Editor’s note: Wale Omiyale is senior vice president of market research at Oslo, Norway-based research firm Confirmit.

For years, marketing research organizations have been under immense pressure to uncover higher-quality insights faster and at a lower cost. In general, delivering faster insights at a lower cost is not new. However, sometimes faster and cheaper can mean poor quality.

So, how can marketing researchers avoid this?

Software providers are working to refine the capabilities of automation tools used in such processes. Today, automation is paving the way to make this a possibility with accurate, agile research.

Automation can be described as the technique of making an apparatus, a process or a system operate automatically. Since computers are exceptional at following rules, software providers have used this to their advantage by programming computers to carry out information-processing tasks. If this is done successfully, users can see faster delivery and lower costs.

Automation has already been around for years in simpler forms, such as questionnaire scanning, which was revolutionary in speeding up the process of data capture and was created in direct response to the need for faster results. With this need in mind, automation tools have been reworked and redeveloped – so much so that the tools used today now span the entire life cycle of marketing research. In addition to automating survey design, sampling, data collection and reporting, tools are available for much more advanced automation techniques, from emotional response recognition to multimedia feedback, social media analysis and more.

Are researchers sacrificing quality?

With the adoption of speed comes quality concerns. Traditionally, some marketing researchers have felt that a reliance on technology could pose real challenges for data integrity. Many question the accuracy of software-interpreted data.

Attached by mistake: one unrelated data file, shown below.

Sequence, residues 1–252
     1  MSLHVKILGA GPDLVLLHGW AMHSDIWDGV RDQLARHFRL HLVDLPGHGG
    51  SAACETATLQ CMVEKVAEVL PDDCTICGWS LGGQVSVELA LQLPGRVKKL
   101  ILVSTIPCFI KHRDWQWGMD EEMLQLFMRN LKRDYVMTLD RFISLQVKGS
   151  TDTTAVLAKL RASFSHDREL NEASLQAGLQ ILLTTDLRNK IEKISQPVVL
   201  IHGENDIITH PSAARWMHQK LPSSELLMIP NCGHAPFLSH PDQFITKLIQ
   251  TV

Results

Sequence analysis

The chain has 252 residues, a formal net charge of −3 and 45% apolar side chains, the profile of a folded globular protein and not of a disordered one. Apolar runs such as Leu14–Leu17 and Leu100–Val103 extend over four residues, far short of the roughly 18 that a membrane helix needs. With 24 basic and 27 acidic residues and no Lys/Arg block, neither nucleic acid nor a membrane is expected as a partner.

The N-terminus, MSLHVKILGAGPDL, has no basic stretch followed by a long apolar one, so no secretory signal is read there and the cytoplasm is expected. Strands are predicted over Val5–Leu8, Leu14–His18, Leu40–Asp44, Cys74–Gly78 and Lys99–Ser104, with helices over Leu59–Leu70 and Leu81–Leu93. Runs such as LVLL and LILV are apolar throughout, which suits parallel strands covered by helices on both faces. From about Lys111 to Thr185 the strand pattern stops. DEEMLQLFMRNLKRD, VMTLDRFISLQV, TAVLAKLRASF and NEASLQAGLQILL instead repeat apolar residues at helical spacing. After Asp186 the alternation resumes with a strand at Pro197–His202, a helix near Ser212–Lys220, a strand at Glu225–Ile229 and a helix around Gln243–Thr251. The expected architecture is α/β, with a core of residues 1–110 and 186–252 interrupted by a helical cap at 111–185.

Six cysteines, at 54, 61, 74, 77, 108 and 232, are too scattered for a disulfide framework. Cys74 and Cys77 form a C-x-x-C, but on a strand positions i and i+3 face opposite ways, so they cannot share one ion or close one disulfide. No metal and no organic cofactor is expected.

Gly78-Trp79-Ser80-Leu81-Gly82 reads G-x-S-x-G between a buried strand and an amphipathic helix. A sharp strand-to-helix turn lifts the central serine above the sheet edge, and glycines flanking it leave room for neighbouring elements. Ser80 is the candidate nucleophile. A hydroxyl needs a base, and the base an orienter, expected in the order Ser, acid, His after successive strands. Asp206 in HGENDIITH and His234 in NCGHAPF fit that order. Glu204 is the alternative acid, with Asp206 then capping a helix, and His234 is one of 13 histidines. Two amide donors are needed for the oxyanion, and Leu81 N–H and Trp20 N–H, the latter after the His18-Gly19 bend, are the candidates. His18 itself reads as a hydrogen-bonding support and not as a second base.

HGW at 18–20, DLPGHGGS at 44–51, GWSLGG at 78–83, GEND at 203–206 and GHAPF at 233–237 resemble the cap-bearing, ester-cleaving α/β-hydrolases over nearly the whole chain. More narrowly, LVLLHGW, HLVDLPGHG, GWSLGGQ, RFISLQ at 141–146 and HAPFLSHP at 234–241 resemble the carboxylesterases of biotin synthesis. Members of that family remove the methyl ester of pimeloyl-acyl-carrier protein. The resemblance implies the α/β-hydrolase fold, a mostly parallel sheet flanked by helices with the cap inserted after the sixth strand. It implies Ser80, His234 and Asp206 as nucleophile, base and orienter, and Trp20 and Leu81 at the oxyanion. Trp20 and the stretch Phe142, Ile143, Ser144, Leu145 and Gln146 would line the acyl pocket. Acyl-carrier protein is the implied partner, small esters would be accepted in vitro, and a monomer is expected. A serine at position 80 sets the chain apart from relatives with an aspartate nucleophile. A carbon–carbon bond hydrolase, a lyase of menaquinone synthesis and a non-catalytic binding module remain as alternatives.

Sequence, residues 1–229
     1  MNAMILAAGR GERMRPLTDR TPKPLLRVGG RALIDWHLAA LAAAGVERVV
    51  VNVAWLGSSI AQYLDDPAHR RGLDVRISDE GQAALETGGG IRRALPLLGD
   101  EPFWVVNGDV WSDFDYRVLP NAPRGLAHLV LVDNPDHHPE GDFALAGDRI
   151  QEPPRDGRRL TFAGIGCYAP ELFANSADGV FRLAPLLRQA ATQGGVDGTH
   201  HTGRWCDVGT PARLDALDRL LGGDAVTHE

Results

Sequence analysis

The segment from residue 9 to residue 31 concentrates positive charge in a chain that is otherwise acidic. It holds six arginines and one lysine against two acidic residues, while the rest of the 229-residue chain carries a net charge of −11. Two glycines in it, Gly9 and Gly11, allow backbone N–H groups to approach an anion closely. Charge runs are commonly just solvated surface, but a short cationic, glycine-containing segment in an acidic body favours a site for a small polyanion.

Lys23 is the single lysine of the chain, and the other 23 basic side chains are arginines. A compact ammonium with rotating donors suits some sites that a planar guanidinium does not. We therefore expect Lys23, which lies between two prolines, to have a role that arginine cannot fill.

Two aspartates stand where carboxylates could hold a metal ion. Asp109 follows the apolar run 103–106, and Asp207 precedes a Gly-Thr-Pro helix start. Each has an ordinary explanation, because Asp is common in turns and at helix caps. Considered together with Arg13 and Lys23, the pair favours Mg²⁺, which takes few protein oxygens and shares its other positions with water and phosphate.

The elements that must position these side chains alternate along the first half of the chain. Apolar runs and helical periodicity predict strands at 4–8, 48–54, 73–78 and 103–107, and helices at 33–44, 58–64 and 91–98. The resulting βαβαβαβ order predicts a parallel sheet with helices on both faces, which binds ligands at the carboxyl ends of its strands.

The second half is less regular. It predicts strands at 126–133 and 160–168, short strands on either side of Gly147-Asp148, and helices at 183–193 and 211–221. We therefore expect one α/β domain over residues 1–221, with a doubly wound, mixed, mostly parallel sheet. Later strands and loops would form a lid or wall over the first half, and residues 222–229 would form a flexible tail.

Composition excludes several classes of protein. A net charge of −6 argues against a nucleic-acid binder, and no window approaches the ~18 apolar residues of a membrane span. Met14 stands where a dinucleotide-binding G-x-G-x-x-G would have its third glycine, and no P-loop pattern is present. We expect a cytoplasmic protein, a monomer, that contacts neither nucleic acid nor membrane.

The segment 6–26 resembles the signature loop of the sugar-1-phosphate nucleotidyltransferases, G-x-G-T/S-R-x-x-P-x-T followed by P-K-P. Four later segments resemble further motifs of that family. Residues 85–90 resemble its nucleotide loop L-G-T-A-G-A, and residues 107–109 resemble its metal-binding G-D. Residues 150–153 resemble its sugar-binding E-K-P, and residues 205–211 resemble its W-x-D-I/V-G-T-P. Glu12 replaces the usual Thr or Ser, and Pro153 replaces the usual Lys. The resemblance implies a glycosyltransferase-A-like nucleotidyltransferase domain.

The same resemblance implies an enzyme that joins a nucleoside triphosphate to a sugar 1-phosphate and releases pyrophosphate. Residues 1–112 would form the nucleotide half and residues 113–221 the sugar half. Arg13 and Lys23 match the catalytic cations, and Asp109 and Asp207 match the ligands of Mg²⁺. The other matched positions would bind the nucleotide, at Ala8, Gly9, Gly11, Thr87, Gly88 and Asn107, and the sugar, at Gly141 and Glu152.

The concerns are valid. While the industry has yet to reach full automation maturity, there are many solutions today that successfully deliver speed, consistency and accuracy.

One example of success is in the field of text analytics. The increasing volume of social media data has been a key driver for developing automated analysis tools and social media analytics solutions are now proving to have value in delivering insight from vast data sets.

Such tools have several added advantages of paving the way for researchers to become insight experts. These include:

  • repetitive tasks associated with data collection and analysis can now be automated;
  • actionable insights and sentiment can be found within the free-form text;
  • unstructured text can increase respondents’ engagement;
  • open-ended questions can allow for a shorter survey but more meaningful, specific and useful feedback; and
  • researchers can focus on more in-depth analytical processes that require human interpretation.

In-demand skill-sets 

As automation becomes more advanced, the need for a variety of skilled people also increases. The following list provides examples of specific roles that are increasing in demand and changes in the workplace.

  • Broadly-skilled project managers: In-depth subject knowledge is being replaced with an understanding of the many automated steps of the research process. This certainly impacts the role of the research subject-matter expert but allows research teams to be more flexible in recruitment and service delivery.
  • Data scientists: With administrative tasks being handled by automation tools, many research teams are evolving into specialist hubs, where researchers become data scientists and reports become strategic business guidance.